Juan Martin del Potro over David Goffin
Would it surprise you to know that these guys have played four times previously and that Goffin has won three of those matchups? It sure surprises me. But with the history of injuries that del Potro now possesses, any head-to-head matchups that began in the past couple of years might always show him in a negative light. Del Potro has been struggling with injuries for ten years it seems, almost since he took the U.S. Open title over Federer in 2009. And this latest comeback has been hard to watch as he doesn’t seem to be able to hit topspin backhands anymore. He either steers them, blocks them, or slices them, and against most people that works. But he’s playing against the best athletes in the world, and against these guys it’s been a real struggle. I’m picking del Potro out of emotion, which is a bad way to pick, since Goffin played really well in taking out Switzerland’s Stan Wawrinka 6-2 in the third in the first round here in Rome. I’m guessing that del Potro has one last laugh left in his 6’ 6” body.
Kei Nishikori over Taylor Fritz
Taylor Fritz has been a bit of a revelation here in Europe, as he’s competed well and won matches on the slow red clay that I never thought he’d be able to win. But Fritz doesn’t yet possess the game to beat Nishikori, the 6th seed here. Fritz still excels on harder, faster courts, and the slow clay puts a premium on almost everything that Nishikori does particularly well – retrieving shots, being steady, staying patient, and manipulating his opponent around the court until he can unleash his unplayable double-fisted backhand down the line for winners. He’ll do that here against Fritz, even after his surprising two set loss last week to Stan Wawrinka in Madrid.
Stefanos Tsitsipas over Jannik Sinner
Sinner, the 17-year-old boy from Sesto, Italy, won a terrific first round match over American Stevie Johnson that I was surprised went his way. We all know that Johnson can’t hit a backhand, but the American parlayed his limited game and great athletic ability to claim two NCAA men’s championships and a solid, if journeyman-like 7-year career on the ATP Tour. Any time you are ranked one of the sixty best of anythings, you’re doing something right. So maybe I should stop picking on the Yank. But Sinner showed maturity, good strategy, and a little brilliance in taking out a player who has so much professional experience. I think the kid is for real. Just not yet. Tsitsipas has a complete game, and is already showing signs that he can compete against the Big Three right now, as he’s already, at age 20, made it into the Top Ten. This might be a fun match to watch to recall ten years from now, though.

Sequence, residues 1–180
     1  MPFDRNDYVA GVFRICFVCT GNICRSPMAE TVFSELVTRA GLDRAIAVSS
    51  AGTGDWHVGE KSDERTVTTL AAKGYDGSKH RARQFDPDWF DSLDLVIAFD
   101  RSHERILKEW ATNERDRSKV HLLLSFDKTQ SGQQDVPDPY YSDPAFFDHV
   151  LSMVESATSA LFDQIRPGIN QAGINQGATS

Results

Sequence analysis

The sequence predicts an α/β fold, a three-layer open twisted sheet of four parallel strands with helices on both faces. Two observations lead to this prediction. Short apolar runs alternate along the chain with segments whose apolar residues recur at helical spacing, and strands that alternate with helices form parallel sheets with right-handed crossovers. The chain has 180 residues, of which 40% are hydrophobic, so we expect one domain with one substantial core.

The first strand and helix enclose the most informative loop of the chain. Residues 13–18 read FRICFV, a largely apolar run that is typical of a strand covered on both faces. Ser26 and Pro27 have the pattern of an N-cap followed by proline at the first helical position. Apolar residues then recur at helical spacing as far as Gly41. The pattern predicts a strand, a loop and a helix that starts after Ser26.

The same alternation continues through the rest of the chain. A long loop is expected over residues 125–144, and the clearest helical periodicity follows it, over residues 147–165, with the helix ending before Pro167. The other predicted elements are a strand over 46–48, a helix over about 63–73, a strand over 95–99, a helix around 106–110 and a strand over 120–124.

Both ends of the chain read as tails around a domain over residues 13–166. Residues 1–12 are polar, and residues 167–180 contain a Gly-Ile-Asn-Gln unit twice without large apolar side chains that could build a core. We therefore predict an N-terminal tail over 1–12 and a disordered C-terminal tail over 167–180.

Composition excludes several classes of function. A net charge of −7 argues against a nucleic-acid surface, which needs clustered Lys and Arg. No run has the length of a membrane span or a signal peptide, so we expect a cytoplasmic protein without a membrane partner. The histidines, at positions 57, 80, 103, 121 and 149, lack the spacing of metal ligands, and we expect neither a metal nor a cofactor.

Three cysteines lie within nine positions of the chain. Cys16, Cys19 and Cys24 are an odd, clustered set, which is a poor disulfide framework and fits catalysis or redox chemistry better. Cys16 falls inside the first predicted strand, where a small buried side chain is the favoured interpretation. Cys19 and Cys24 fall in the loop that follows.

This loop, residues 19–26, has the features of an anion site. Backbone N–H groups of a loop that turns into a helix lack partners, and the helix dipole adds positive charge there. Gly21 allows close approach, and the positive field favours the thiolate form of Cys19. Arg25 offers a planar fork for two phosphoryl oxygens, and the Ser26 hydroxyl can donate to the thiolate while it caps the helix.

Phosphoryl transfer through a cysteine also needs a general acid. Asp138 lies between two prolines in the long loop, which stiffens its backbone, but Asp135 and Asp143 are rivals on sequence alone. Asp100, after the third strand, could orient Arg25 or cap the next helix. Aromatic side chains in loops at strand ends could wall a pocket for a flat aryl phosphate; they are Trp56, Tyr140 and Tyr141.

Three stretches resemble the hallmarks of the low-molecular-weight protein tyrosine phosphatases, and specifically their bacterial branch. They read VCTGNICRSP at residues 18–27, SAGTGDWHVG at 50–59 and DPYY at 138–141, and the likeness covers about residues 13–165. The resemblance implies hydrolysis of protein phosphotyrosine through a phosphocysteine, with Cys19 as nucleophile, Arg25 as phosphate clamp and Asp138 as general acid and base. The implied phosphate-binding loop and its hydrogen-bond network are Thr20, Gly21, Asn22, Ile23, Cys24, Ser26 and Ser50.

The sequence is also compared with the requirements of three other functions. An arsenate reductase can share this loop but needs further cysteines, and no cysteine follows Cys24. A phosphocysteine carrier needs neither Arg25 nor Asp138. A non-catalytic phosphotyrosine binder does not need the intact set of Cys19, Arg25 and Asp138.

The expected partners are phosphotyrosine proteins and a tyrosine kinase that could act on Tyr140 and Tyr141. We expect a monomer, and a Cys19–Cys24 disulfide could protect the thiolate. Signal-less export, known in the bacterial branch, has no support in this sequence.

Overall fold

Casper Ruud over Nick Kyrgios
We’ve seen neither the Nick Kyrgios that we love – the guy who can hit any shot at any time for a winner and beat every other player in the world, or the guy who is so disinterested and clearly mentally-ill that it hurts to watch him self destruct in front of our eyes in such a public display. The game that Kyrgios brought out against Russian Daniil Medvedev was the kind of game that most mortals have to deal with almost all the time. You see, Tour players play great (in the zone) about 15% of the time, play awful another 15% of the time, and the rest of the time---70%, they play sorta average for them. That’s the game that most players have to learn how to compete with. And in that 70% lies the heart of champions. Kyrgios won his first round match against Medvedev with that 70% game, which was nice to see. But just around the corner from Dr, Jeckyll lies Mr. Hyde. Depending on which one shows up for this second round match with Casper Ruud will determine who wins the match. Because it doesn’t matter how Ruud plays, as always, it’s all about Nick.